US Secretary of State Kerry is blunt: "Assad is the single biggest magnet for terrorists there is. He is a one-man super-magnet for terrorism. Before Assad started killing his own people, these terrorists were not in Syria."
The debate continues, President Obama dithers, but what is certain is that action against ISIS must be taken, and very soon, without Assad.

A year ago, the use of chemical weapons saved Assad's regime, and now that regime is trying to survive on the back of the war against ISIS. Hussein Ibish, a columnist at NOW and The National (UAE), believes "that Assad is smelling another opportunity to survive and rehabilitate the regime".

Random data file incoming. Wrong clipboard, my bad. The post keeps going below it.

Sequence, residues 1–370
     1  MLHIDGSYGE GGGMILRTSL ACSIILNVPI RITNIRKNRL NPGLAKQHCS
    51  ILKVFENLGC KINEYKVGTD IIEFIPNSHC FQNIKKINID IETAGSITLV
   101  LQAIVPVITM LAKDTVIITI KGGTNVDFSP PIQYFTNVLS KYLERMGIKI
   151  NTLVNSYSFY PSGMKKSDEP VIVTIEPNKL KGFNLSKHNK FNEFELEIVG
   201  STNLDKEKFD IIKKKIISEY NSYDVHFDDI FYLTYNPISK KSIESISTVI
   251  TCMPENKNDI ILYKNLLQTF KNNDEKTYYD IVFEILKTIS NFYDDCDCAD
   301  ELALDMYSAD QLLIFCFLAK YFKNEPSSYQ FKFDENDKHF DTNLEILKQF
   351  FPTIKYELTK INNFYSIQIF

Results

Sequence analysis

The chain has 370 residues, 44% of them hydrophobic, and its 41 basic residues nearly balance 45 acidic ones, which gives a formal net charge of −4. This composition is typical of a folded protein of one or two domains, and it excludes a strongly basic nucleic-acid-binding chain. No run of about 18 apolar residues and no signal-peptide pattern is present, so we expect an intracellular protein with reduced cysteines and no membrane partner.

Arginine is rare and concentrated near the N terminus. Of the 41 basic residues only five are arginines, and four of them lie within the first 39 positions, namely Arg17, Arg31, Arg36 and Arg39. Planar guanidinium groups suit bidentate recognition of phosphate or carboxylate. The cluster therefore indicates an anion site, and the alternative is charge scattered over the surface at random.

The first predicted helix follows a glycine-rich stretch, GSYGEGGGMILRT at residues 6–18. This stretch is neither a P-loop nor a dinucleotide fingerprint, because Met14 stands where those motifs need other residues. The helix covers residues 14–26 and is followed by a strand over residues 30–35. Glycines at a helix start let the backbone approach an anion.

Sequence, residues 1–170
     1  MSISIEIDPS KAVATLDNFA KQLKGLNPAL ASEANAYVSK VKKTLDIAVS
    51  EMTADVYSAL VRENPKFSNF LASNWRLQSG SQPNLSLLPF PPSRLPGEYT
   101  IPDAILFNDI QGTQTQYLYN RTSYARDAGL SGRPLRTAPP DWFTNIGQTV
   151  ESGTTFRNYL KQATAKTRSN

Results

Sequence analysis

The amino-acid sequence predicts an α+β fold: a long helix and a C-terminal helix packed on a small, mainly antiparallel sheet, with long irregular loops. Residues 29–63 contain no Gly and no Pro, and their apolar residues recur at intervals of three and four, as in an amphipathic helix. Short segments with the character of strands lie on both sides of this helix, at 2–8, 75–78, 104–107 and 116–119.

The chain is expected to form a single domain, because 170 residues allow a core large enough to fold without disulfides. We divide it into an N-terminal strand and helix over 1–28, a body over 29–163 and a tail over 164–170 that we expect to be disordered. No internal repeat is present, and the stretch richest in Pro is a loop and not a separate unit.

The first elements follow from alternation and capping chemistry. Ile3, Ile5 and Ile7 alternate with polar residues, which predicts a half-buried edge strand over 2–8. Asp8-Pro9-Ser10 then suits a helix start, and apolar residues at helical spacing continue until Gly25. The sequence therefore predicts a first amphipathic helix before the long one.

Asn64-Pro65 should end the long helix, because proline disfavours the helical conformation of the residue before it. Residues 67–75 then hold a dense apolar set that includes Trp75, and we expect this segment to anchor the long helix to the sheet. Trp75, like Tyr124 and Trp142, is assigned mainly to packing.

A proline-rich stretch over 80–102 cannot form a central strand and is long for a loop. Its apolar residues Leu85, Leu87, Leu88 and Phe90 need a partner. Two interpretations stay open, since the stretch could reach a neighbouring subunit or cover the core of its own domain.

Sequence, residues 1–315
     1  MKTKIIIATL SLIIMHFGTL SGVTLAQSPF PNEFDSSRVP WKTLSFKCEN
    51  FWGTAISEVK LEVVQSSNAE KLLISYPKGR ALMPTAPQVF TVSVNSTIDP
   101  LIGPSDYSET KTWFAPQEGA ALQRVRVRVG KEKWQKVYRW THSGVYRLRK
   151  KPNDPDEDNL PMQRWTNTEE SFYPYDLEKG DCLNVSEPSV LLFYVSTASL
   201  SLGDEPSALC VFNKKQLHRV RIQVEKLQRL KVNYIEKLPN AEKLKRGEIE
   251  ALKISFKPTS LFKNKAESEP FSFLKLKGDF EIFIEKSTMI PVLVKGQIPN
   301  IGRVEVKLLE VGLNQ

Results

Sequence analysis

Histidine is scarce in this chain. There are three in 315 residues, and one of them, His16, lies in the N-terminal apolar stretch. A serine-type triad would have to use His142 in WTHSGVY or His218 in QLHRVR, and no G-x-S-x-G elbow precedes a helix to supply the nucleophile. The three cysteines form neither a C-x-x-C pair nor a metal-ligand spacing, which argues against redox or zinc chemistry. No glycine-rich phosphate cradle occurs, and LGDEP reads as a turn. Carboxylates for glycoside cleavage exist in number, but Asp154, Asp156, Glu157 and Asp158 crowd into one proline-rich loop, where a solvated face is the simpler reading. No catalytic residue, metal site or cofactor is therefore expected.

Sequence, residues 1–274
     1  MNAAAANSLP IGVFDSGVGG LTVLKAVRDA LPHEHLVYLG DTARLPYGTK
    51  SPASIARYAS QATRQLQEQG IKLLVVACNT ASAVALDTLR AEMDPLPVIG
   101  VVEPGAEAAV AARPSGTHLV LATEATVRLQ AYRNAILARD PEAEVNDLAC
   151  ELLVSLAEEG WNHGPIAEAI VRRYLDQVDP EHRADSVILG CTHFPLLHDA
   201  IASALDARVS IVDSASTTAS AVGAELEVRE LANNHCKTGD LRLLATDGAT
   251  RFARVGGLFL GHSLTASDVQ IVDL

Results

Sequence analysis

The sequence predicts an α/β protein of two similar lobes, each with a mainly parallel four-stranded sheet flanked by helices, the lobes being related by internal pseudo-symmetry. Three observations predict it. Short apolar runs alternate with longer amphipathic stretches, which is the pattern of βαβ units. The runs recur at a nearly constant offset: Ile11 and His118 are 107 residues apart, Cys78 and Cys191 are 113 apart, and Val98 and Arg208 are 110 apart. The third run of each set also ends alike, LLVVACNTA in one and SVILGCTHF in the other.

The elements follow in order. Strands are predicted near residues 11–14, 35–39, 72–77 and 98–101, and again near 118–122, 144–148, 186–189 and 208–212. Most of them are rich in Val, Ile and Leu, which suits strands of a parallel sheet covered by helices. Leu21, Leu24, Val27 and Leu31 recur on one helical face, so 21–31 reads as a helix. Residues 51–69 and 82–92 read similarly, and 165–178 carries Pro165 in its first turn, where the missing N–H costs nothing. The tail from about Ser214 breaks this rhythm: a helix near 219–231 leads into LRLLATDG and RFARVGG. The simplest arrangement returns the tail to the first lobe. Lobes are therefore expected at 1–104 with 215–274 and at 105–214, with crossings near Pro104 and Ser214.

Last year David Cameron pledged his support to President Obama in confronting the Syrian regime. The pledge was wrecked by Ed Miliband, for narrow political advantage. Had action been taken a year ago, we wouldn't have heard of ISIL/ISIS and its latest incarnation, so-called IS.
Back in 2011, when the uprising started against Assad, unarmed demonstrators were labelled terrorists.

All the indications are that the US is preparing for some kind of military action against the Islamic State in Iraq and in Syria. US military Joint Chiefs Chairman Martin Dempsey warned last week, it would have to extend itself into Syria.